Electrical cardioversion is a medical procedure that is used to treat abnormal heart rhythms, also known as arrhythmias. This procedure involves the delivery of a controlled electric shock to the heart through two large pads or paddles placed on the chest. The shock interrupts the abnormal electrical activity of the heart and allows it to reset to its normal rhythm.
Arrhythmias can occur in the upper chambers of the heart (atria) or the lower chambers (ventricles). The most common arrhythmias are atrial fibrillation, atrial flutter, and supraventricular tachycardia. These arrhythmias can cause symptoms such as palpitations, dizziness, shortness of breath, chest pain, and fatigue. If left untreated, they can also increase the risk of stroke, heart failure, and other serious complications.
Electrical cardioversion procedure
Electrical cardioversion is performed by a trained healthcare provider such as a cardiologist. Before the procedure, the patient is given medications to reduce the risk of blood clots and to ensure that the heart is in the correct rhythm. The cardiologist then places the pads or paddles on the chest of the patient, and a brief electric shock is delivered to the heart.
The amount of electricity delivered is carefully calibrated to ensure that it is enough to reset the heart’s rhythm without causing any damage to the heart or surrounding tissues. The shock can cause the patient’s muscles to contract, which can sometimes be painful. However, patients are typically given sedation or anaesthesia to minimize discomfort during the procedure.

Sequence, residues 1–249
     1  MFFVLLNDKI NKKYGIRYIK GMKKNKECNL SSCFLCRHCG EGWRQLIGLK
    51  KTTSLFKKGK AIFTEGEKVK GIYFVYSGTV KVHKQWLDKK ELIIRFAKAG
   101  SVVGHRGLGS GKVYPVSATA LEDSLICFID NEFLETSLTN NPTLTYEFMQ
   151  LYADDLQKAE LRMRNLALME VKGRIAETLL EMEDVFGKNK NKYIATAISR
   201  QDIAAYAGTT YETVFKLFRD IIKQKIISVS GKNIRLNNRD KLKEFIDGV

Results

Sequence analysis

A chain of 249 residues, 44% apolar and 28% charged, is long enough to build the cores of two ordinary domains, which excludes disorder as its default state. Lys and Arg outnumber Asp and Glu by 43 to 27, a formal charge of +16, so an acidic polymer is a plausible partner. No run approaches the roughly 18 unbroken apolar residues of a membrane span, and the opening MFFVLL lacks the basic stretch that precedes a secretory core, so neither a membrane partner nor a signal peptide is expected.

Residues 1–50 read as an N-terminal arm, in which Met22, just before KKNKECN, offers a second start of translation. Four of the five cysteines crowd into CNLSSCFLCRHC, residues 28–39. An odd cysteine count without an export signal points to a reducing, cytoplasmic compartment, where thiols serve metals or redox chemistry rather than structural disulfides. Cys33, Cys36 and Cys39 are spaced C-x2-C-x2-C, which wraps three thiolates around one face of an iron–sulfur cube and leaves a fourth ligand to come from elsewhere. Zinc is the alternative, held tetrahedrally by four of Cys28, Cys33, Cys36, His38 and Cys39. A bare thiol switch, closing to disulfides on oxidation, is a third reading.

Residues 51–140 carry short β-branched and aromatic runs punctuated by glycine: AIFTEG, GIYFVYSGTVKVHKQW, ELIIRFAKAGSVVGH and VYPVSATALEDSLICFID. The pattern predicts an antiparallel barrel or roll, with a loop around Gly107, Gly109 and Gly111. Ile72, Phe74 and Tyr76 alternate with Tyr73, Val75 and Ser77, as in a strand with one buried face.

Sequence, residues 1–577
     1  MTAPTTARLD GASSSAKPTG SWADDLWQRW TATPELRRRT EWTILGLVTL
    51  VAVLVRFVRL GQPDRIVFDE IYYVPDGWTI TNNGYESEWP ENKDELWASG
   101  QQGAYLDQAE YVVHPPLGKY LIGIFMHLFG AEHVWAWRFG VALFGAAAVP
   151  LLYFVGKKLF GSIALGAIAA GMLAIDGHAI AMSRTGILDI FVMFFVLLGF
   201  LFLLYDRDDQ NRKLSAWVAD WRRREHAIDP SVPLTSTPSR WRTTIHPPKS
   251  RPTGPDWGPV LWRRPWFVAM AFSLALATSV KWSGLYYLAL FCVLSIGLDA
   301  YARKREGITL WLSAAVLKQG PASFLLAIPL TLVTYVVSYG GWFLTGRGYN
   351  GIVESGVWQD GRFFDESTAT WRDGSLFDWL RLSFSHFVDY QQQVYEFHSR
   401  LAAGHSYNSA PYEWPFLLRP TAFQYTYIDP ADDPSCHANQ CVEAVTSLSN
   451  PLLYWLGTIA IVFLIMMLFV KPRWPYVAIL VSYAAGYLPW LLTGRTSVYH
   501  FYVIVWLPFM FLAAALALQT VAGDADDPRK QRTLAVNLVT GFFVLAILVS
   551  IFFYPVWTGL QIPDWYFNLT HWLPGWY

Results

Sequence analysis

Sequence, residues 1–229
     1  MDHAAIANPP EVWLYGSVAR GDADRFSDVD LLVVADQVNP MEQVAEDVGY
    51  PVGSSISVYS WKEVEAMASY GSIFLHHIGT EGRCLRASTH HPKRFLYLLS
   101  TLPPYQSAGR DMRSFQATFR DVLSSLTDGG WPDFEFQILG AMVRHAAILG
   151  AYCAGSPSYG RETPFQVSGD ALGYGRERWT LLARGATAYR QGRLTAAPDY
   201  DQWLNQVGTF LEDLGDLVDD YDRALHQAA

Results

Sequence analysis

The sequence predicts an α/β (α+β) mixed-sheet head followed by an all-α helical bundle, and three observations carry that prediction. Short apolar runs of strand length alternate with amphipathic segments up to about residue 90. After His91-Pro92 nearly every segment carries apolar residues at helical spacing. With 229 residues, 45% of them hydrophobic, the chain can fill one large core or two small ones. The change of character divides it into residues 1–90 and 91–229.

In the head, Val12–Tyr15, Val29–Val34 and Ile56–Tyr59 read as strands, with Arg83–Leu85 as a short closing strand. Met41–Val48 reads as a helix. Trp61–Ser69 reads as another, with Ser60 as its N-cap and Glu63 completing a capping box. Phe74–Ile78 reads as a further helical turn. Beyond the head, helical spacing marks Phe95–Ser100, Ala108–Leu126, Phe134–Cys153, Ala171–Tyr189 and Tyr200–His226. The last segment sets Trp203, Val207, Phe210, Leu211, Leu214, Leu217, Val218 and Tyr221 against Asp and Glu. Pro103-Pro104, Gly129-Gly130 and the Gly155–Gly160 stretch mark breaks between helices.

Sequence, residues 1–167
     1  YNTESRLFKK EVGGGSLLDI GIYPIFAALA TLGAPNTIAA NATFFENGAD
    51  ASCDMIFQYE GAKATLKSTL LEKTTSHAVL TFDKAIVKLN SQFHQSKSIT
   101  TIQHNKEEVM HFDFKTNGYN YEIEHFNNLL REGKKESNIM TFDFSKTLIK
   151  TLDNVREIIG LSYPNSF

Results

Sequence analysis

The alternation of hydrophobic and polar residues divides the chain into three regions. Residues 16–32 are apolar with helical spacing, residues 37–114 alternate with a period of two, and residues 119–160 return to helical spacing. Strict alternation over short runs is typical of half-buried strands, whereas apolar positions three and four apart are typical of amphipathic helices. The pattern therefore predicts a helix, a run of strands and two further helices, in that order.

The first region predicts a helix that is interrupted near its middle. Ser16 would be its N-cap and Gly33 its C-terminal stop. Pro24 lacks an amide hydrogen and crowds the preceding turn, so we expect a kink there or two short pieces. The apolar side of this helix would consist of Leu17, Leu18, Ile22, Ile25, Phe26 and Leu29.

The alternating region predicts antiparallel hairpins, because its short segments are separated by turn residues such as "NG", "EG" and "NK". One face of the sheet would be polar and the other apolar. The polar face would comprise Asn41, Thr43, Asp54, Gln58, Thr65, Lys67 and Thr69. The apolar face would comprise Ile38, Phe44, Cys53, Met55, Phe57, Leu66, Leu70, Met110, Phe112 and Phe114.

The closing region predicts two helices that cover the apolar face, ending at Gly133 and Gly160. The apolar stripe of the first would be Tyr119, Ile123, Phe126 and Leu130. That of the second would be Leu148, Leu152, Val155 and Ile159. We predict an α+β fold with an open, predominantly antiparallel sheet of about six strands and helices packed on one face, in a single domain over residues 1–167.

Once the heart has been reset to its normal rhythm, the patient is monitored closely for a period of time to ensure that the heart remains stable. In some cases, additional electrical shocks may be needed to maintain the normal rhythm.
Electrical cardioversion is a highly effective procedure for treating certain types of arrhythmias. In many cases, it can restore normal heart function almost immediately. However, the success of the procedure depends on several factors, including the type and severity of the arrhythmia, the duration of the arrhythmia, and the overall health of the patient.
Medical evaluation before electrical cardioversion
Before undergoing electrical cardioversion, patients will usually undergo a thorough medical evaluation to ensure that they are good candidates for the procedure. This evaluation may include blood tests, an electrocardiogram (ECG), a chest X-ray, and other tests as needed. The healthcare provider will also review the patient’s medical history, including any medications or supplements that the patient is taking.
Patients with certain conditions may not be suited for electrical cardioversion. For example, patients with certain types of heart disease, severe lung disease, or a history of blood clots may be at increased risk of complications from the procedure. The doctor will carefully evaluate the patient’s medical history and perform any necessary tests to determine whether electrical cardioversion is safe and appropriate.
Electrical cardioversion is generally a safe procedure, but like any medical procedure, it can have some risks. The most common side effect is mild skin irritation or burns where the pads or paddles are placed on the chest. These typically heal within a few days.
Patients may also be advised to make certain lifestyle changes, such as quitting smoking, reducing alcohol intake, and losing weight, to reduce the risk of future arrhythmias.
Electrical cardioversion is an effective treatment for certain types of arrhythmias. With proper care and follow-up, many patients can expect to have improved heart function and reduced risk of future arrhythmias.